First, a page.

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Researching Companies for Investment Purposes: What to Look For

Research is a crucial and necessary step to investing. Get information about a company you're investing in, about the financial professionals you're dealing with, about the products you're considering, and all other things related to investment. This will help you prevent future problems, including the possibility of being scammed or being drawn in to invest in risky ventures.

Registered versus Non-Registered Companies

There are two types of companies in which you can invest, and the difficulty of finding information about each type varies.

Registered or public companies are easier to research than non-registered or private companies. The former type are required to submit to SEC's regular reporting requirements, whereas the latter type is required to furnish only the most minimum amount of information to the public.

Even so, you should never assume a company's viability and legitimacy from its registration status. Registered companies could perpetrate a scam just as easily as non-registered companies, and non-registered companies can be as safe an investment as registered companies.

In other words, you should always research a company before you invest in it, regardless of its registration status. The following section discusses some of the information you need to get about companies.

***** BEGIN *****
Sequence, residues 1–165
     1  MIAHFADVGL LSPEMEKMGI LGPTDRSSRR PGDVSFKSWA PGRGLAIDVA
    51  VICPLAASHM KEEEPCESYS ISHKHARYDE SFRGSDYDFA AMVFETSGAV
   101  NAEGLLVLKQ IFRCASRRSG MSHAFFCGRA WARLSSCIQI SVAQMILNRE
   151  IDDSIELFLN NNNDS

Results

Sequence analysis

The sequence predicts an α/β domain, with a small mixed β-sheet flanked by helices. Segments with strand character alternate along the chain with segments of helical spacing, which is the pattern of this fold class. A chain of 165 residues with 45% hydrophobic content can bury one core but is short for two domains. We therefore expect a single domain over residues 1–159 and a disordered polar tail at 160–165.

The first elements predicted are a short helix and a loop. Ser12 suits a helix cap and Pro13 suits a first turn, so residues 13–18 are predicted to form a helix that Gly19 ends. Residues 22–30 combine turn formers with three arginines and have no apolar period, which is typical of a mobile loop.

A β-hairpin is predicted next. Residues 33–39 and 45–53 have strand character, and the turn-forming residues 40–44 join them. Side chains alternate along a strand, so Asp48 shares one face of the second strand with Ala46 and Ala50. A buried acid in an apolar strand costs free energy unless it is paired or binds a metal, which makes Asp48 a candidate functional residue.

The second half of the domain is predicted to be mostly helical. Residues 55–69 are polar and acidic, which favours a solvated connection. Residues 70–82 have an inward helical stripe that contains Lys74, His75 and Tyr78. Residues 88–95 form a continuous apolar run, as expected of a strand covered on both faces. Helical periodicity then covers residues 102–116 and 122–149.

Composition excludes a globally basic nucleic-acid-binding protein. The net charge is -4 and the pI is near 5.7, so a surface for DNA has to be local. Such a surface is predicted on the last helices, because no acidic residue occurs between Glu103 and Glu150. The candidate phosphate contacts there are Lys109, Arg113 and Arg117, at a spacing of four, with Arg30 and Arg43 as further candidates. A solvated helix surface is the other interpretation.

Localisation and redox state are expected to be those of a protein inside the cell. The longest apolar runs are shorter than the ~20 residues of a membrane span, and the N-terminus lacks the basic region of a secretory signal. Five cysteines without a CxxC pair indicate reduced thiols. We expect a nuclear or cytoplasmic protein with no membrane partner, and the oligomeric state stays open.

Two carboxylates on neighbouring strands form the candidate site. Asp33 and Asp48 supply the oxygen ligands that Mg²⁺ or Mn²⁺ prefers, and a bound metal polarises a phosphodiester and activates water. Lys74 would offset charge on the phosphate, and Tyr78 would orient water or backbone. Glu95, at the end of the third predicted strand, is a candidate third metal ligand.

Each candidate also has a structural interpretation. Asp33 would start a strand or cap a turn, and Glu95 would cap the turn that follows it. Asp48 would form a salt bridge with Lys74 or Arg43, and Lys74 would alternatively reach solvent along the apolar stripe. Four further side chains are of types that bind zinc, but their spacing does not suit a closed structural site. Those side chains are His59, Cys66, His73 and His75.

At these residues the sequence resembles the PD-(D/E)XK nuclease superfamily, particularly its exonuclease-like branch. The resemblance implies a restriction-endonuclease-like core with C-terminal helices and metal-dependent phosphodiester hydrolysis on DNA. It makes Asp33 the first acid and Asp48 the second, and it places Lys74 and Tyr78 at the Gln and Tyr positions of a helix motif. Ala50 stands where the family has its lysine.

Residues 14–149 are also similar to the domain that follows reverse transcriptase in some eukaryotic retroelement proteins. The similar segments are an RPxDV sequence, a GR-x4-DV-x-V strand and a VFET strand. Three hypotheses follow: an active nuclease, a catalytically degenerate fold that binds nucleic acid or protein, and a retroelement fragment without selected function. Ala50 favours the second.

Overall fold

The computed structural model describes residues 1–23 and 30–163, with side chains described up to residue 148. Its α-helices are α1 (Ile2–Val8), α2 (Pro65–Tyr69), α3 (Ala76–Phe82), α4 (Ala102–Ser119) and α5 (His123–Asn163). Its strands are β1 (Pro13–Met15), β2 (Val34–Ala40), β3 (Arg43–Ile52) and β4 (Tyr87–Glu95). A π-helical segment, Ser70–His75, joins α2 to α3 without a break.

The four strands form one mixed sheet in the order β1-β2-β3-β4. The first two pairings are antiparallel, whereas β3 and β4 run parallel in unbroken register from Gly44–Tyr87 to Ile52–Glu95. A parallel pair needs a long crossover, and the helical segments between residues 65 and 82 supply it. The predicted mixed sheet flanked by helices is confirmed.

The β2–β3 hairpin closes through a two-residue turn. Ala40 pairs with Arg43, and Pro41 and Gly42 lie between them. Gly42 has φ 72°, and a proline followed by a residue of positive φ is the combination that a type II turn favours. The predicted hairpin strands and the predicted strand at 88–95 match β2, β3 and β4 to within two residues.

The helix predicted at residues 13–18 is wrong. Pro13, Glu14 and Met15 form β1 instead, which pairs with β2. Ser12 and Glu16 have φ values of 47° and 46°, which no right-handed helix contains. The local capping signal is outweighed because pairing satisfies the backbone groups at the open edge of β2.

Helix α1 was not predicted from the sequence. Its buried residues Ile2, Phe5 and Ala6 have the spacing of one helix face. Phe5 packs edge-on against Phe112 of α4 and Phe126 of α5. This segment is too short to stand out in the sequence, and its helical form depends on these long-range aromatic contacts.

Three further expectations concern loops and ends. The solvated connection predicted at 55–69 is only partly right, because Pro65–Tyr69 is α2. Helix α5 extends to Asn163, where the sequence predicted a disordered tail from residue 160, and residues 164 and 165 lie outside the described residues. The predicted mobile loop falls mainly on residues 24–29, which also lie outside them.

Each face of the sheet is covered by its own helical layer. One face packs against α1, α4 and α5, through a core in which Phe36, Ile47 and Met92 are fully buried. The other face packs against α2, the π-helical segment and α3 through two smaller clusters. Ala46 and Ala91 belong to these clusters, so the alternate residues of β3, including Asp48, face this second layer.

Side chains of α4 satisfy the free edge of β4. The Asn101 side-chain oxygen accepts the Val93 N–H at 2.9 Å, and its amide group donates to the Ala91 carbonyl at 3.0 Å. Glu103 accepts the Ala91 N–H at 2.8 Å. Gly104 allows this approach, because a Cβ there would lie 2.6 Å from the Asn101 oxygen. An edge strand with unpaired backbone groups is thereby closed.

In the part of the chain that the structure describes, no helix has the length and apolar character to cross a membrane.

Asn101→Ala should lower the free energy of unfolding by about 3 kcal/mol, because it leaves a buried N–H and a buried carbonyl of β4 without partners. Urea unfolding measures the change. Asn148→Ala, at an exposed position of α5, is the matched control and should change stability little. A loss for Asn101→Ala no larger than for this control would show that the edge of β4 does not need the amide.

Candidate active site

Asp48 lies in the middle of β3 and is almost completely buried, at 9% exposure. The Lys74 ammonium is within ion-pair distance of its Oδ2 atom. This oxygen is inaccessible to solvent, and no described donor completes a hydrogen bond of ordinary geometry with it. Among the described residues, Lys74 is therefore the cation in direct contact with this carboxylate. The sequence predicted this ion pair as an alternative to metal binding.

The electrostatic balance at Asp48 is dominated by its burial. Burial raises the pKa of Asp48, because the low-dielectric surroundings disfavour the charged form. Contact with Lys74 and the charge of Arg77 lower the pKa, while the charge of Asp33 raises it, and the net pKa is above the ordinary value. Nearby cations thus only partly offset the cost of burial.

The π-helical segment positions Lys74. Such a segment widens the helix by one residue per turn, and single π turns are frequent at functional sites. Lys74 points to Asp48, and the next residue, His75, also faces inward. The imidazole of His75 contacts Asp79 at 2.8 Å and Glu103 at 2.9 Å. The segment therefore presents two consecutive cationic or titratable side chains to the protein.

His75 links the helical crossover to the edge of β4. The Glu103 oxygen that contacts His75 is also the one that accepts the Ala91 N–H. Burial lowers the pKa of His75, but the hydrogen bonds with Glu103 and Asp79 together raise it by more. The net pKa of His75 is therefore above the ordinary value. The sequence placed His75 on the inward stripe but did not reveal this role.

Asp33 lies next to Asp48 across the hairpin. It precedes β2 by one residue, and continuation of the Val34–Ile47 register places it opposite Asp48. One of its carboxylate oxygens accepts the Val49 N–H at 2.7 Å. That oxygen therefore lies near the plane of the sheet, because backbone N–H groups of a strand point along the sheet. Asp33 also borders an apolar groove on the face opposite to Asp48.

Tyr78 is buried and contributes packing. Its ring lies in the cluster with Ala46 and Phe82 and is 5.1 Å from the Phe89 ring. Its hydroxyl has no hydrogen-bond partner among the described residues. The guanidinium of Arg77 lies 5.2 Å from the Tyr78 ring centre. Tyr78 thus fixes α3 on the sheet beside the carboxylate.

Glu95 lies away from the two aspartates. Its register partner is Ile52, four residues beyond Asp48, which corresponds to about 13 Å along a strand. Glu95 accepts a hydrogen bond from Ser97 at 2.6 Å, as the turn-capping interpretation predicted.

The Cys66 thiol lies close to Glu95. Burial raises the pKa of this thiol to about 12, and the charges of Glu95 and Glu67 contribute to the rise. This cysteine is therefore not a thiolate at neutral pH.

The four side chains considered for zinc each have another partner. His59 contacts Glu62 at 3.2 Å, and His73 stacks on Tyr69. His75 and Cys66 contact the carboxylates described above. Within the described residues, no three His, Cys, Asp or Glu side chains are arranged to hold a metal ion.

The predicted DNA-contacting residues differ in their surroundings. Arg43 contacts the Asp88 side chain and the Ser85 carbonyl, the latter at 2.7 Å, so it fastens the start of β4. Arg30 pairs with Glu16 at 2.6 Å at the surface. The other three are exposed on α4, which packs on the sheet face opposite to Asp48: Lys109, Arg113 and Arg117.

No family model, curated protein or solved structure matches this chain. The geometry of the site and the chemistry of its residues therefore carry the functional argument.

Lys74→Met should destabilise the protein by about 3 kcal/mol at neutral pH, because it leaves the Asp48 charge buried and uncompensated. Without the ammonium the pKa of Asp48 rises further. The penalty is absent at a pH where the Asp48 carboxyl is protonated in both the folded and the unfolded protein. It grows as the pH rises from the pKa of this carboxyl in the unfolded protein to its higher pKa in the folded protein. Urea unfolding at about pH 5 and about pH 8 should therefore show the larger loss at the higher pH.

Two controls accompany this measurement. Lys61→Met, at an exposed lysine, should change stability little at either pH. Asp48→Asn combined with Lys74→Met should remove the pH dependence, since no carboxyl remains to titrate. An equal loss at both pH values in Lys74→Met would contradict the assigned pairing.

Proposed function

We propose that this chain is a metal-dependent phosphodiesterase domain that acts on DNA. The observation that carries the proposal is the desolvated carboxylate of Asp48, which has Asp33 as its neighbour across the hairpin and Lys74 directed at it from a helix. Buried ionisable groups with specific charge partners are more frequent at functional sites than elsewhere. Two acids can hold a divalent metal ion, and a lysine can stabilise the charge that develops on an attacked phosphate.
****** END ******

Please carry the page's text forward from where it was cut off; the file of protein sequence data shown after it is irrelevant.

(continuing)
Company Information to Look For

The following are examples of information you should look for when thinking of investing in a company.

1. Products or Services Offered

What does the company do, exactly? Is it engaged in business or not? Is it an importer or an exporter? Is it a manufacturer or a services provider? Is it an investment company, instead? What products does it deal in or what services does it provide?

This is the type of basic information you must find out about any company. While you're at it, find out the company's performance. How are its products or services faring? Does it have brand or recognition in its market or in its industry?

2. Financial Standing

You should also research the company's financial standing. What are its assets and liabilities, and how do the two compare? Find out, too, about its cash flow. Does it have problems meeting short-term cash needs? You should also research the company's ownership structure.

3. Track Record

While you can't rely on a company's past performance when trying to predict whether or not a company will make profit in the future, it still pays to find out how the company has fared in the securities market so far. At the very least, it should clue you in to the company's strengths and potential weaknesses.

4. Market and Business Activities

You should also brush up on the companies' market activities. You should read all of the reports it has recently filed. Find out what you can about changes in ownership, board decisions, marketing campaigns, projects, etc. You should find out about its investment programs, too.

5. Affiliations

Find out, too, the companies with whom the company do business. What accounting firm does it use? Which brokers distribute its shares? Does it have an investment banker?

6. Owners and Directors

Who are the people running the company? You should check the names of the major stockholders, the directors of the company and even the officers that manage the company's day-to-day operations. Find out, too, about these people's stand regarding important issues.